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As I See It: February 2023

Greetings and Happy New Year
Global share markets had one of the best starts to the calendar year on record.  To some extent this reflects a level of relief that interest rates around the world are close to peaking.  Coupled with the reopening of China’s international travel after 3 years of effective isolation due to a Zero Covid policy, which eventually had to be reversed once cases became too prevalent. Markets tend to re-rate quickly based on an assessment of future interest rates with a growing level of commentators predicting rate decreases in Australia later this calendar year.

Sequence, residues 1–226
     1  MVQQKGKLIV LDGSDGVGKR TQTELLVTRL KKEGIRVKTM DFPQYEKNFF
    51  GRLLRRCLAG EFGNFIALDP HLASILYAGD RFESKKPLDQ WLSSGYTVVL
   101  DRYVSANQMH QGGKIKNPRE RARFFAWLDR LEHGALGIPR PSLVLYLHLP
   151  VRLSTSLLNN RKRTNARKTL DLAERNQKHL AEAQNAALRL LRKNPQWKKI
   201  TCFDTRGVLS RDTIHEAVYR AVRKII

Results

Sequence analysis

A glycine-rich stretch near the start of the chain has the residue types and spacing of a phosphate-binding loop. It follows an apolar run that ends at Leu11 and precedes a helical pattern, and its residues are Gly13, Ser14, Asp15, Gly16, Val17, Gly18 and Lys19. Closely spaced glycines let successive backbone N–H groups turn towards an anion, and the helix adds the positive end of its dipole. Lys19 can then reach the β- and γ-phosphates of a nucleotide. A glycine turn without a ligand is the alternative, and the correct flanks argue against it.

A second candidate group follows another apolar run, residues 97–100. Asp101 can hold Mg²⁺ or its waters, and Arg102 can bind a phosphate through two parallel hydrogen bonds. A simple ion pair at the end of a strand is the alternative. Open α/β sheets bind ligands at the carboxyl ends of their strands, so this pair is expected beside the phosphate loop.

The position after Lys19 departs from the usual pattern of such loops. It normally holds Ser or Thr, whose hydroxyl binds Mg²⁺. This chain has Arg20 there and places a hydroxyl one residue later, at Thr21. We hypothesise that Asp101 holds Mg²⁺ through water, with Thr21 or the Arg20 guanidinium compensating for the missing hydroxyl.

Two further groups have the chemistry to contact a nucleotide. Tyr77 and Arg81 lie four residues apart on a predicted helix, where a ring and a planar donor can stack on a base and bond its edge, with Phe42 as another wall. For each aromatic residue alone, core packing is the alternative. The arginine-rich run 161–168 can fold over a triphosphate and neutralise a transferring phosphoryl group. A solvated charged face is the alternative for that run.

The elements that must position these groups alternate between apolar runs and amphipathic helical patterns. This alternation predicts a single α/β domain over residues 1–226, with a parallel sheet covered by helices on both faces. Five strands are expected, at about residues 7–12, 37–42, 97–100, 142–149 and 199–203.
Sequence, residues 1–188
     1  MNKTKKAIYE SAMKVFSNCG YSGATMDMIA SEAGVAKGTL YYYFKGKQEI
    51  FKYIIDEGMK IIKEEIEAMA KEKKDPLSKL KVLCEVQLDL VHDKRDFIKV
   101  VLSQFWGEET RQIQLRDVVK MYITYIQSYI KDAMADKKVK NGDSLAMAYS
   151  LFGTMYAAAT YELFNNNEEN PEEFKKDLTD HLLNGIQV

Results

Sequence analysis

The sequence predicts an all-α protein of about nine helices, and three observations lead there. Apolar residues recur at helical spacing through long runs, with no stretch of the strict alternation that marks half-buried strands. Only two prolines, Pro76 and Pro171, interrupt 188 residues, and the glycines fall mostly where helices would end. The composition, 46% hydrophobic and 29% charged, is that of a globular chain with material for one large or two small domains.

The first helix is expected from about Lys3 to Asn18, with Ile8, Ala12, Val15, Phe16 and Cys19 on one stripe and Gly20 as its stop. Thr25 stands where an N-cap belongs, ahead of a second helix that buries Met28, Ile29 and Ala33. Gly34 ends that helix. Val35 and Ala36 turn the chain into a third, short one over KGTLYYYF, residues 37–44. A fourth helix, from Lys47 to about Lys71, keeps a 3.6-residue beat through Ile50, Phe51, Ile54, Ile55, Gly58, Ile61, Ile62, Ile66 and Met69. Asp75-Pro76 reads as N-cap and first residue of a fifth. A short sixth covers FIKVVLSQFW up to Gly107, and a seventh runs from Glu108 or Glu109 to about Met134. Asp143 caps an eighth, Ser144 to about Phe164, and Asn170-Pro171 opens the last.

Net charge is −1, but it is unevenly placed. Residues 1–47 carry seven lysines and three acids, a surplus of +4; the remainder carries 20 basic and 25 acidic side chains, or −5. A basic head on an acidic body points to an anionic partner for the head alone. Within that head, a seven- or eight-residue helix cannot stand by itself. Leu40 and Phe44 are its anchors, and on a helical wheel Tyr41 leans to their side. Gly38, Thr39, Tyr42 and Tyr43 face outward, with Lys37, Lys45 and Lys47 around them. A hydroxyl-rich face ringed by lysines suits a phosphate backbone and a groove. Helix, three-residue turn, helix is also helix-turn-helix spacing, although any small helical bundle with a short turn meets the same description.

Graph:  Australian and Global Markets 
Source:  Bloomberg, AMP

Today’s retail sales figures were much weaker than expected and it is becoming clear that discretionary spending is now slowing rapidly.  The effect of this is to make future rate rises less likely or at least to cap out at a lower terminal rate.  In fact, the bond market is now expecting rates to fall later this calendar year. Equity markets are very heavily correlated to future interest rate movements as company valuations are calculated by discounting future profits by a discount rate linked to the prevailing market interest rate and outside of stock specific announcements. This is one of the biggest reasons for stock market movements.
Each new year I try to evaluate positive and negative influences that will affect markets and factor this into my thinking.  Naturally there is good and bad, and it require professional judgement and experience to weigh up the likely effect on markets. Taking a 5-year view is far more helpful as general momentum will move markets 5% each way regularly within a year.